8. Beautifully written. You should post this on the opinion page of a national newspaper— your thoughtful words need to be heard throughout this land.

    • Karla –
      Thank you for always reading and for speaking up.
      This wasn’t my usual fair or my favorite topic.
      Your kind words are a balm to my heart.


    Americans must together for the good of the People and not the good of ANY poliitcal party

    Otherwise America will not move forward

    Imagine the scene of the current President, all former Presidents and current Majorit/y Minority leaders getting together with their arms around each other saying “What can we do to heal America?”

    God Bless you and America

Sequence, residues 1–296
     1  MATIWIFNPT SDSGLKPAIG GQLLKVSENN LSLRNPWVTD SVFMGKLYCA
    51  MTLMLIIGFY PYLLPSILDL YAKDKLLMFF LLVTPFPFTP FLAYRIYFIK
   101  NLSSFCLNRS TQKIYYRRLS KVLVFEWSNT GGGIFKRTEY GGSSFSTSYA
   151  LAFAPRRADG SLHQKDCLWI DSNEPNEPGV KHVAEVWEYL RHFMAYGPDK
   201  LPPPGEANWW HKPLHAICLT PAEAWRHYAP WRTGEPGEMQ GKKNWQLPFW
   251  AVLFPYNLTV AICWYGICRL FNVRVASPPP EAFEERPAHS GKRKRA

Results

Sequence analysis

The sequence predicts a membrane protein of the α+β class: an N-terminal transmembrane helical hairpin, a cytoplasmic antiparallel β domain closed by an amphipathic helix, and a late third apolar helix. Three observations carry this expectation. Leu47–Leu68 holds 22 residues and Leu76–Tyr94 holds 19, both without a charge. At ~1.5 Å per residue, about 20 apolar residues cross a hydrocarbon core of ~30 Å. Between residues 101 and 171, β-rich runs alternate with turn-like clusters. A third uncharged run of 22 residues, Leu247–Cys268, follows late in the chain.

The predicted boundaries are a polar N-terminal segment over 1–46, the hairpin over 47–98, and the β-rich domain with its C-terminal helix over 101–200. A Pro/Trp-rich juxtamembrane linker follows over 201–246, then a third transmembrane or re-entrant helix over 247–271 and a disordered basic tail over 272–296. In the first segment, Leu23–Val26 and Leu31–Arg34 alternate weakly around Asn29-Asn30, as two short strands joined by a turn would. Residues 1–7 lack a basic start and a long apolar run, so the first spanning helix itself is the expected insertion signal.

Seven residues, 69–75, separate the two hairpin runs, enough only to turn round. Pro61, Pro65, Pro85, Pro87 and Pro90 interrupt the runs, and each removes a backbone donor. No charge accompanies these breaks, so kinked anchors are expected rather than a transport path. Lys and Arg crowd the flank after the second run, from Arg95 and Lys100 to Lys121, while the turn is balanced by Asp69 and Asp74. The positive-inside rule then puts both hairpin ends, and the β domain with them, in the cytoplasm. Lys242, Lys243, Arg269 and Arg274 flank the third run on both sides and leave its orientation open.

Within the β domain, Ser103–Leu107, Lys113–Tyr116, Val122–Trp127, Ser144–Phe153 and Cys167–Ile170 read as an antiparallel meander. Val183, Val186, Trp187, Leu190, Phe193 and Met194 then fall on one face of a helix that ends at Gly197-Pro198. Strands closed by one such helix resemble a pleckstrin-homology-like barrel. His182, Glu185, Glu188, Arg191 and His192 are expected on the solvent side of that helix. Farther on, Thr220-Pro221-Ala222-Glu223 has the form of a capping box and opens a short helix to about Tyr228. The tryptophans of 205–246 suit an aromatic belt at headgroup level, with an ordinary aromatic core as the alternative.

• Hello Susie!
      I believe that at some point we’ll have to begin to pull together as a nation again or fracture.
      I’m not suggesting agreeing on everything. But I am suggesting listening or there will be no learning and there will most certainly be no progress.
      I’m entirely in favor of lively, healthy, respectful disagreements, where each side can acknowledge that the other wants to solve problems but has a very different way to go about it.
      The mean spirited language of hate and disrespect for those in office and those running for office shows up in the bright spotlight of politics, but is symptomatic of a general disregard and disrespect for anyone with a differing opinion – political, social, religious etc…
      Thank you for adding your thoughts.

      • I agree, dear one!